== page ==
Home Building Amendments Act 2014: Changes to the Statutory Warranties and the Compulsory Insurance Scheme.
What it means for Real Estate Agents, property owners and investors.
The Home Building Amendment Act 2014, received Royal Assent and was passed by New South Wales Parliament on 5 June 2014 and the majority of the amendments will now commence 15 January 2015 and further amendments concerning building contract requirements will commence on 1 March 2015 as published in the Commencement Proclamation on the Government Legislation website on 12 December 2014.
The amendments to commence on 15 January 2015 will affect licensing and unlicensed contracting, home warranty insurance, owner builders, statutory warranties and residential sale contracts.
The threshold for requiring a licence for building and general trade is increased from $1,000 to $5,000 (including labour and materials). Specialist work, such as plumbing, electrical and air-conditioning, will still require a licence regardless of the cost of the work.
Up to 12 months in prison will be a new sentence for a second or subsequent offence for unlicensed contracting or not having the required insurance.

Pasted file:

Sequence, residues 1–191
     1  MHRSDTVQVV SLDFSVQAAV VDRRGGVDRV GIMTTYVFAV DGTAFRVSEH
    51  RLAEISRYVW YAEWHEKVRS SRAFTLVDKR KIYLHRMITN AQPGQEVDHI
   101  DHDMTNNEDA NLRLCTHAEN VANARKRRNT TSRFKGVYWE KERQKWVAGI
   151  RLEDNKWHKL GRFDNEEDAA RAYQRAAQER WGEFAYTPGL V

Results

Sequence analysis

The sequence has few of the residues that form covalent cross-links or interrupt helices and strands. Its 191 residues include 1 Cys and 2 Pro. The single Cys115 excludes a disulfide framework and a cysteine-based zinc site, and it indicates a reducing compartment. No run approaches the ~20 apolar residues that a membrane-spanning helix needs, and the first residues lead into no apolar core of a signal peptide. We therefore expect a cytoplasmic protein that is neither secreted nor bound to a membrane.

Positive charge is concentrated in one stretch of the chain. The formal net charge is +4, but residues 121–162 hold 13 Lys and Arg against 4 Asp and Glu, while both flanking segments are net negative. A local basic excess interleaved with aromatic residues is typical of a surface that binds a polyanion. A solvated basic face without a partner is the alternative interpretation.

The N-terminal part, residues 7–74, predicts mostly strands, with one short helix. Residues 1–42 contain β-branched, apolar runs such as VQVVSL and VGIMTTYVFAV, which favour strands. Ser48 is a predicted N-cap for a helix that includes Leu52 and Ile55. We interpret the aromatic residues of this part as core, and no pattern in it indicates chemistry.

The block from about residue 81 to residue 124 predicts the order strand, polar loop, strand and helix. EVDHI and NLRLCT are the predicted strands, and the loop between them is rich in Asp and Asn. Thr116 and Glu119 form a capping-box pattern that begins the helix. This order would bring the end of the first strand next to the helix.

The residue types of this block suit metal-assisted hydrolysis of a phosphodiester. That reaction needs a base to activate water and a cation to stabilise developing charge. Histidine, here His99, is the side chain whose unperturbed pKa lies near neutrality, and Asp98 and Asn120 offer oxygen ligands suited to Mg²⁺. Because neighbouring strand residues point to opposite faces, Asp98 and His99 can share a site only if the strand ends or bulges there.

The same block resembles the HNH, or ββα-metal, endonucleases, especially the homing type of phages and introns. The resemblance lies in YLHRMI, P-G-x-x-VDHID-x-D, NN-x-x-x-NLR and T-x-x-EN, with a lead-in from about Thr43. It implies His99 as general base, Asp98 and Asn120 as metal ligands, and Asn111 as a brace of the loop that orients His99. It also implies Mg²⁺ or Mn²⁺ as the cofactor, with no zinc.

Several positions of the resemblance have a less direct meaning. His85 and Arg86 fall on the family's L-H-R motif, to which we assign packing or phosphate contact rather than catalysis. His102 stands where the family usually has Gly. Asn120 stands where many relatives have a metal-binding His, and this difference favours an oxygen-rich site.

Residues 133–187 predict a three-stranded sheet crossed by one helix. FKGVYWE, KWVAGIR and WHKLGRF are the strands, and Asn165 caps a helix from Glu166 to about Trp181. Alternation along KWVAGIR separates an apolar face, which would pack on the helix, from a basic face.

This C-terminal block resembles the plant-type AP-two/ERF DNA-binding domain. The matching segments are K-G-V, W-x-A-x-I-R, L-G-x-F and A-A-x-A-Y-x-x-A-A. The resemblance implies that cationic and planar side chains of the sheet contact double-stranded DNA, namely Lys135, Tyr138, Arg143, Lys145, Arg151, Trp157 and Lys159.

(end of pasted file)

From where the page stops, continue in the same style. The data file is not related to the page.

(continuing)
Property owners and Real Estate Agents should always ensure they use appropriate licensed contractors.
The Compulsory Insurance Scheme
The compulsory insurance previously known as Home Warranty Insurance, will now be known as ‘Insurance Under the Home Building Compensation Fund’ (IUHBCF).
The insurance continues to be mandatory in respect of most residential building work with a contract price or market value of $20,000 or more. There is a new exception for work that consists only of built-in furniture and cabinetry work, including kitchen cabinetry, under Regulation 56.
The indemnity under the Insurance was previously only available upon the death, disappearance, or insolvency of the builder, and suspension of contractor’s licence. This will be extended to include where the contractor was a partnership and any of the partners become insolvent.
The multi-storey exemption from the requirement to have the insurance survives and is widened. It continues to apply to buildings that have a rise in stories of more than three and consist of two or more separate dwellings. However, the definition of ‘storey’ has changed and the calculation no longer includes a storey which if the space includes accommodation only intended for vehicles. This means the definition of ‘rise in stories’ is the same as that in the Australian Building Code. Good news for developers and builders but not so good for investors and home owners, as it increases the application of the exemption for multi-level developments.
Purchasers should ensure they have the IUHBCF for the correct number of stories when purchasing property off the plan.